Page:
John Downing: 'As the clock ticks down to unpredictable endgame, Brexit bluster looks likely to break rhetoric-o-meter'
The posh phrase for the machine was the "audience reaction indicator". It dated from an age of single-channel television innocence when a superbly awful man called Hughie Green fronted a talent show called 'Opportunity Knocks'.
The epically ghastly Mr Green used to often remind viewers that "the clap-o-meter was only for fun". He was referring to an impressive-looking big wooden box, which supposedly measured the level of studio audience applause for the novice entertainers who hoped their television debut would lead to showbiz stardom.
The fate of those would-be stars was in fact decided by a postal vote from what the redoubtable Hughie always termed "you, the viewers at home".
In later manifestations of the show, it was done by a telephone poll. There was no panel of obnoxious adjudicators, featured in such shows in more recent times, just ambitious showbiz promoters who mobilised a big vote for their charges by fair means or otherwise.
And what is the political relevance of this piece of useless reminiscence, we hear you ask? Well, the musing comes as another week opens with another crunch time for Brexit.
Yes, it's another deadline - just like the ones in March and June and October.
The only thing is that the clock is relentlessly ticking and, finally, eventually, one of these crunch weeks will be the last chance for working out a deal to avoid economic carnage.
The second related point is that this time we are talking about a cousin of that imposing television machine, what we should call the 'rhetoric-o-meter'. And a sure sign that negotiations are moving towards the Brexit endgame is that the 'rhetoric-o-meter' has been doing handstands in recent days.
So, borrowing from the late, but never great, Hughie Green, let me tell you that the 'rhetoric-o-meter' should really only be for fun. But like its forerunner, the clap-o-meter, it is part of the process and not without influence on the outcome.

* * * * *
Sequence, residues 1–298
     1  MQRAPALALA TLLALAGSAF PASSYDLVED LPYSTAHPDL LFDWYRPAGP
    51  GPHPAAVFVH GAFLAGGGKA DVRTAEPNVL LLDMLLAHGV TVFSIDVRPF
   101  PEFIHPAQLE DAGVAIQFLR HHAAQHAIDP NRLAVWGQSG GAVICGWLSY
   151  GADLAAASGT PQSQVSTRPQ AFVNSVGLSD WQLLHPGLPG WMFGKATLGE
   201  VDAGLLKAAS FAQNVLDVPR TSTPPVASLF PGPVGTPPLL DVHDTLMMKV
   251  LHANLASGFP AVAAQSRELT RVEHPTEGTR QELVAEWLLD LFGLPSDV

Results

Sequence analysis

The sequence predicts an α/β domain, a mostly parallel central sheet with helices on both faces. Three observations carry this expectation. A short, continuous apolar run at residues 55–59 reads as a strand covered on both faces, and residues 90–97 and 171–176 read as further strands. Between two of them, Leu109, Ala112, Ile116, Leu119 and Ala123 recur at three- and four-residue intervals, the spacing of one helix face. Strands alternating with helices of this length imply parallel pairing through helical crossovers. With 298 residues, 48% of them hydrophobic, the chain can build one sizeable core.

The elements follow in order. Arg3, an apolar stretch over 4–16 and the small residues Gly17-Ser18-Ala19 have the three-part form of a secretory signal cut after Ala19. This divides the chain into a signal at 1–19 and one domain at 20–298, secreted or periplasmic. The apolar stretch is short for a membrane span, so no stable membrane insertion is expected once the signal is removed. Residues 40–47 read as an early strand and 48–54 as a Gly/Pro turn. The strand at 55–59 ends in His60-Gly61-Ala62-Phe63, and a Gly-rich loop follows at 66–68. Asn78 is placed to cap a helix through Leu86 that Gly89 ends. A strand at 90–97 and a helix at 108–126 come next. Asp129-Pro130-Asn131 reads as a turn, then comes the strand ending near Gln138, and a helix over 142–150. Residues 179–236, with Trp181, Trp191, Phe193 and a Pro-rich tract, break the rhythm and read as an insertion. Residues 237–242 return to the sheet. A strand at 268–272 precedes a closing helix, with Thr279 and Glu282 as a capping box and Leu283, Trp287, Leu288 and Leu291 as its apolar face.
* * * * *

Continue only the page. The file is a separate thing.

But let's also remember that hardline public guff does not mean that a deal is cooking behind the scenes. And any politician who does a deal must turn quickly and aggressively to sell that same deal.
The deal that is cooking this week could see the United Kingdom staying in a customs union with the European Union.
This would allow so-called frictionless trade to continue, until a long-term EU-UK trade deal is worked out for a post-Brexit world.
That would be a boon for Ireland as it would resolve the Border crux and also secure lucrative Irish-British trade for some time to come.
That arrangement would likely continue at least until the start of 2021. But it could well continue for some time beyond that, depending on how the longer-term EU-UK talks go.
The sticking point turns around the EU and Ireland wanting to avoid a hard Border, with customs posts or regulatory checkpoints, between the Republic and the North, amid real fears this could rekindle the dormant conflict on this island.
But the UK, and particularly the Democratic Unionist Party, wants to avoid any kind of customs or regulatory distinction between Northern Ireland and Britain. Negotiators are undoubtedly exercising their political imaginations to find some kind of solution to this dilemma. But it does looks very difficult.